No figures are yet available for numbers of Service men receiving rent and rate rebate which would reflect any changes in financial circumstances resulting from the recently announced increases in Service pay. Moreover, eligibility for the rebate depends on many different factors and any change in the numbers receiving it would be only partially attributable to changes in Service pay scales.

In view of an answer that I was given on 26th April by the Minister of State, to the effect that there were 4,000 soldiers and 59 airmen receiving rent rebates, is the Secretary of State saying that he does not know whether those personnel are receiving rent rebates? Can he not be more specific, and tell us what sort of money would have to be paid in order to take all Service men out of what I would describe as the national assistance category?

The only reason we cannot give up-to-date figures is that it is only a short time since we had the report and the new pay scales and charges came into force. We shall not give up-to-date figures affecting individual circumstances until July. It is wholly wrong to view rent and rate rebates as a form of national assistance or social security. When the Government of which the hon. Member was a supporter introduced the scheme they sang a different tune about its purpose. The key element in the entitlement to it is family circumstances. While it would be possible—although it would cost a lot of money—to have a scale of pay so that it would be inconceivable that someone with even the largest possible family would be included in the scheme, it would mean that unless the payments were differentially means-tested, two soldiers serving alongside each other could be receiving different rates of pay. The problem is not as simple as the hon. Member suggests.

Is the Secretary of State aware that some Service wives go out to work in the same way as civilian wives in order to pay the righ rents, but on the other hand other Service wives abroad cannot get jobs now and therefore, unlike their civilian counterparts, they cannot help to pay the rents?

This is an important matter, and a factor at which we are looking very carefully in the Northern Ireland situation. I am glad that the hon. Member raised this, because it enables me to point out that a rent rebate depends on the income not only of the husband but also of the wife.

Will the Secretary of State do something to help soldiers who are serving in Northern Ireland and who have to pay charges for accommodation that compare very unfavourably with council rents and general circumstances in other parts of the United Kingdom, particularly in view of the fact that their wives cannot earn money?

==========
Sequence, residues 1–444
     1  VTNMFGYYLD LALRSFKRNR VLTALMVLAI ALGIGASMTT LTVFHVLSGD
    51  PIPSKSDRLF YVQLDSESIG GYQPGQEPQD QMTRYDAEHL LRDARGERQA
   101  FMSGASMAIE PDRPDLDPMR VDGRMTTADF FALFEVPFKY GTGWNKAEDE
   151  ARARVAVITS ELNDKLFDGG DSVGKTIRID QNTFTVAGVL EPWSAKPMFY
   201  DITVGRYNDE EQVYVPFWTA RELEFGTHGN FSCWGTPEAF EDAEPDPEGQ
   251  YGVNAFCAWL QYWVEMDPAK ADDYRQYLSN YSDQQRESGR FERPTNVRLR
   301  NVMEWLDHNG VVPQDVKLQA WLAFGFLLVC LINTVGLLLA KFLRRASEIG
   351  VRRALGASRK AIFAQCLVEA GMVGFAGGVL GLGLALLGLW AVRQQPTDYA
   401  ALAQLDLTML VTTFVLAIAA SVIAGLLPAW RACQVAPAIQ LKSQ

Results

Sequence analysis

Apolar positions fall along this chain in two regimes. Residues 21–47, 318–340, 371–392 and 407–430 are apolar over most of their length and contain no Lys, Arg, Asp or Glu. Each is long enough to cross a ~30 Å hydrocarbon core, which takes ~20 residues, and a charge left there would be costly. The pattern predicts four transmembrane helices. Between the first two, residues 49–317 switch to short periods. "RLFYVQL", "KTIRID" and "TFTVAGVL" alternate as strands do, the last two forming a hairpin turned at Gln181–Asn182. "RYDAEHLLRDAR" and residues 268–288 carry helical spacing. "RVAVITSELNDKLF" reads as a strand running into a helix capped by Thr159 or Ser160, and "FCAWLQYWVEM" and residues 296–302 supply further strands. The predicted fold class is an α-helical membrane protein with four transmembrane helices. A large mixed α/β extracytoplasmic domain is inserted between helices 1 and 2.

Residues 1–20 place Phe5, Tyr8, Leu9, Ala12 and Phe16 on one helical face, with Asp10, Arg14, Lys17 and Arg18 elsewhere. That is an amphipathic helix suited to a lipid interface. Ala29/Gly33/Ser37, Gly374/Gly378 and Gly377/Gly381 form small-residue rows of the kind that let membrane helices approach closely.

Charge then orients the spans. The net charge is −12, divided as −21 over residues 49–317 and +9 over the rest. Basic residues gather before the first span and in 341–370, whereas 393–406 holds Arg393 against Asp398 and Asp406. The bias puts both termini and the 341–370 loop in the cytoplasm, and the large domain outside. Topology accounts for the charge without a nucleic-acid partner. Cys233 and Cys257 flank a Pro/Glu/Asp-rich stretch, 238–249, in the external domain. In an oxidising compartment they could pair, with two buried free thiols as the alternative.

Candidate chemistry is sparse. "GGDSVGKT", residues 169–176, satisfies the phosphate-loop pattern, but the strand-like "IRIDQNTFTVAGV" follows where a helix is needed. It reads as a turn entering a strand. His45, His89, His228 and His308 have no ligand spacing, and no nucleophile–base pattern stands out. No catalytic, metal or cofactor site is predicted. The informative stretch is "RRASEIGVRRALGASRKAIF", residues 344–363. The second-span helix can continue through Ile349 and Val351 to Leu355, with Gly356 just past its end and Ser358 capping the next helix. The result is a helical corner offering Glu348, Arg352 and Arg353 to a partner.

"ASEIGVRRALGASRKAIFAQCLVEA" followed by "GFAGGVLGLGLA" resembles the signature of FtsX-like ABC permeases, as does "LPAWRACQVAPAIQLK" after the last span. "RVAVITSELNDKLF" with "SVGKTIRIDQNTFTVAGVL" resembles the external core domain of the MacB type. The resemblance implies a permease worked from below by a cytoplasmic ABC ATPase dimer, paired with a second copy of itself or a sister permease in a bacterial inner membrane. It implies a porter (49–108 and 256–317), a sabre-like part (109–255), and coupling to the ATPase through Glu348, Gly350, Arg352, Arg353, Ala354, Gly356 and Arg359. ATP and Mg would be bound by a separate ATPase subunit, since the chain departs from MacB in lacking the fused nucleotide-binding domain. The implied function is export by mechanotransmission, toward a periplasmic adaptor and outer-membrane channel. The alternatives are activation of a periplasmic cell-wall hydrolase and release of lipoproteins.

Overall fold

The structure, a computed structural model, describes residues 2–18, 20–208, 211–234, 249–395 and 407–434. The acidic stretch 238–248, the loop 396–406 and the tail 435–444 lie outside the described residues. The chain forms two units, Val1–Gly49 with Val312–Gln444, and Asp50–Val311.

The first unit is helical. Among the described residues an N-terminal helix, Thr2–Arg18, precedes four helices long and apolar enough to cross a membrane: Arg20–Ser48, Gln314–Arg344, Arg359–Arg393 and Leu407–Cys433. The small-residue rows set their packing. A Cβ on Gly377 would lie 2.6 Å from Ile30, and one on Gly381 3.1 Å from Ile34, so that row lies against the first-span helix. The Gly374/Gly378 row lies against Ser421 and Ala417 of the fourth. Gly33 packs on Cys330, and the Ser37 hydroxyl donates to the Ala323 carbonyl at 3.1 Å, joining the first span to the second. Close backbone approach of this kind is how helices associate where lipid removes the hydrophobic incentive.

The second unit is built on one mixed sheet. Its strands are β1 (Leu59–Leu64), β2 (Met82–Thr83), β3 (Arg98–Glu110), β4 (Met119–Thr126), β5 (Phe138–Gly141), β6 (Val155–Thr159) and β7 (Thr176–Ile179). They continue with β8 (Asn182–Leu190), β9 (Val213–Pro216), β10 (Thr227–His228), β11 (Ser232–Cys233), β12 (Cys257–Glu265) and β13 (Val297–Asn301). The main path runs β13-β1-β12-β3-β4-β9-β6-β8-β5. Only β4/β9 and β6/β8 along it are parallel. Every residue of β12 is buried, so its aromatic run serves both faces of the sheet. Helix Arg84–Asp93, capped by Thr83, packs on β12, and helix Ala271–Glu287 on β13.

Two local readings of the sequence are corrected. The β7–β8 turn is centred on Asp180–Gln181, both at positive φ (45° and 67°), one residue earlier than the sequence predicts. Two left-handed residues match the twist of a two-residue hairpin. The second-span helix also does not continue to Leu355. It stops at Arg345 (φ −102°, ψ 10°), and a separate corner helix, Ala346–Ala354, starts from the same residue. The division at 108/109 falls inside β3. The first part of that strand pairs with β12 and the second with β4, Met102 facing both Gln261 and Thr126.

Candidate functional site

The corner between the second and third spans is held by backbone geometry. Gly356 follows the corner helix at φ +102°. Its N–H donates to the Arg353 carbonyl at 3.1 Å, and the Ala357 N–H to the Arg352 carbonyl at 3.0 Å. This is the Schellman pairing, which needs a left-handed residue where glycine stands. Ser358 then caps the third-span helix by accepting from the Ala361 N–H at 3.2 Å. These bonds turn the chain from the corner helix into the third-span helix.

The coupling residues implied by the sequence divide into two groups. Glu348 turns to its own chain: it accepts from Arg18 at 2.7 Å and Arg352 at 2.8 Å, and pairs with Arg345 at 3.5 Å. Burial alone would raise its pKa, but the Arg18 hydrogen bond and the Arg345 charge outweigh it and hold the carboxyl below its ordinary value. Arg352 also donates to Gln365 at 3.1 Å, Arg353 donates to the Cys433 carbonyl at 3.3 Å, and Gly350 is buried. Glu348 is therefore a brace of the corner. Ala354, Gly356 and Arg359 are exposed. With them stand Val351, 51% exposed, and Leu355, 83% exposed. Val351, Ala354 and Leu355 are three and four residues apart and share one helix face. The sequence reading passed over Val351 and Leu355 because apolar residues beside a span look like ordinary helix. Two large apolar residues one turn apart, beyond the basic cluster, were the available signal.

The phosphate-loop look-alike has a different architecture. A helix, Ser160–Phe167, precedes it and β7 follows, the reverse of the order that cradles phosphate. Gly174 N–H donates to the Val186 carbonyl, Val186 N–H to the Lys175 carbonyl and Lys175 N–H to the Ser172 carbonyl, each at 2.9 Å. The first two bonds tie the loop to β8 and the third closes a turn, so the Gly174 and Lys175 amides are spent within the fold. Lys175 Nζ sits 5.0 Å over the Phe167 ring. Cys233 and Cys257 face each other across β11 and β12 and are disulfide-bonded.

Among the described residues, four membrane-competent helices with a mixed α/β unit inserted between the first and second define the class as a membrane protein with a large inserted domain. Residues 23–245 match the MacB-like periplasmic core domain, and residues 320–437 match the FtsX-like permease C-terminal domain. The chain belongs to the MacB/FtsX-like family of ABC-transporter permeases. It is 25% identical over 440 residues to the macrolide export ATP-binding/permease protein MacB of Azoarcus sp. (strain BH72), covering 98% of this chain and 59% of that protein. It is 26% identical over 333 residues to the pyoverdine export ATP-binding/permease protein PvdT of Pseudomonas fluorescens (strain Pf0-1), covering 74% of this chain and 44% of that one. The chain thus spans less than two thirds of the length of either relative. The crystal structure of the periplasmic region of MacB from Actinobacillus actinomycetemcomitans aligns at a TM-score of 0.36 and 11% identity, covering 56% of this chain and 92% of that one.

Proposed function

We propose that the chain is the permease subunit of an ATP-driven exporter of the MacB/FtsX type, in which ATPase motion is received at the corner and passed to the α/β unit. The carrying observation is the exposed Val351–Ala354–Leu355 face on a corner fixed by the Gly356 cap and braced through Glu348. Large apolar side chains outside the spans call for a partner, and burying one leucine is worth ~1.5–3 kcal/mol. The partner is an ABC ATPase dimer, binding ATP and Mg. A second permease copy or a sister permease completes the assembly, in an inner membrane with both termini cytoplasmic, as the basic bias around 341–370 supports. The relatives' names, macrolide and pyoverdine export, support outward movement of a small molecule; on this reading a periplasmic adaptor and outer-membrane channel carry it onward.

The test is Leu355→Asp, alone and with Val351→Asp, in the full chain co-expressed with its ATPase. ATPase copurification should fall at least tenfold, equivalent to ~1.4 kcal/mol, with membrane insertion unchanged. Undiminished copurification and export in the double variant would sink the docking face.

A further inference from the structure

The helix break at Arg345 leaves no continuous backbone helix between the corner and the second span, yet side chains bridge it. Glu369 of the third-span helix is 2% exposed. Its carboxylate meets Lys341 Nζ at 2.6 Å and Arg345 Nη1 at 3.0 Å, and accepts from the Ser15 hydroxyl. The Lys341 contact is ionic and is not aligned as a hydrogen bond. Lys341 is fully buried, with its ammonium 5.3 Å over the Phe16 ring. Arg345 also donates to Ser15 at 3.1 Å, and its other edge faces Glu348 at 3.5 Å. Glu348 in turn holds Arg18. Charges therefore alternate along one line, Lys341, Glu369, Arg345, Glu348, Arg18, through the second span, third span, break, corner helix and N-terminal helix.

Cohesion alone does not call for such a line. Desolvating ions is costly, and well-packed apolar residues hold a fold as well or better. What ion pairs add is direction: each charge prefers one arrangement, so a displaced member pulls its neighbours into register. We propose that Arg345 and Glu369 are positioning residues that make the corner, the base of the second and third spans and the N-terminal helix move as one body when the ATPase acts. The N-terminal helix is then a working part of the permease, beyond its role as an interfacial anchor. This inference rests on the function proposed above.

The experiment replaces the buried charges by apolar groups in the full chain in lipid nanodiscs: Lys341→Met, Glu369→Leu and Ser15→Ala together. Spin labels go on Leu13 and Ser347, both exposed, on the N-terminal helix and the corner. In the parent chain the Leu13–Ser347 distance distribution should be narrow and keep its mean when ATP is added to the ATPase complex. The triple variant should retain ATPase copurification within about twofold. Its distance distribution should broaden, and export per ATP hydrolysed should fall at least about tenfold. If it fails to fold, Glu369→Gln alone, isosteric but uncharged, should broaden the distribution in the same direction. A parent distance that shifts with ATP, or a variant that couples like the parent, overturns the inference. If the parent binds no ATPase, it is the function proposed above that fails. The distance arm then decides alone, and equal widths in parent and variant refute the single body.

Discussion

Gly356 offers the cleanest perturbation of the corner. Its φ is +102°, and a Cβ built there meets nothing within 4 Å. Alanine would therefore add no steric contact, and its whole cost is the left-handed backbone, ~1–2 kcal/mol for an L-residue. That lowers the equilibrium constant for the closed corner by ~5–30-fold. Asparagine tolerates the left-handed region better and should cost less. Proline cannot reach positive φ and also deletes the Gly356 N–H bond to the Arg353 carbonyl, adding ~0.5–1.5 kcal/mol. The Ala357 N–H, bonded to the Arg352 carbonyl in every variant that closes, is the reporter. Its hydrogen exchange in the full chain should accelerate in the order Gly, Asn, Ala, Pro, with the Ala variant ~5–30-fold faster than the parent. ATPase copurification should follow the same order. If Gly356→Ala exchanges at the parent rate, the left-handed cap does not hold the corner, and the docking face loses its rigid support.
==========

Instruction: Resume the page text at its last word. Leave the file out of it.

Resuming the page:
I am very conscious of that, but there is a Question about this on the Order Paper later from the hon. Member for Petersfield (Mr. Mates). Without wishing to anticipate that answer, I can tell the House that we are conducting an urgent review of all these problems.

Will the Secretary of State confirm that as a result of the latest pay award the net increase for many Service men is 3p a week, or less? If that is so, will he do something to deal with this scandalous situation?

I think that the sum of 3p is an exceptionally low estimate, but I would not dissent from the argument that the net increase is small. Following the analogies for charges for accommodation and food that we inherited from the previous Government, and the pay policy that we are obliged to follow, it means that charges that the rest of the community pay separately to a council, a landlord, or a building society are separate from their pay, while in the forces these charges are deducted before the pay is received. This is why the problem arises.

I hope that the right hon. Member can correct me if I am wrong, but as I understand Opposition housing policy, the intention is to increase council rents, thus increasing the charges that Service personnel would have to pay for quarters. Any Service man who votes Conservative will be voting to put his married quarters' charges up by £3 per week.

As the Secretary of State has asked me a question I can confirm now that under a Conservative Government Service men will not suffer.

North Atlantic Council (Meeting)


asked the Secretary of State for Defence what changes in British defence plans and expenditure will be made as a result of the discussions held at the last ministerial meeting of the North Atlantic Council.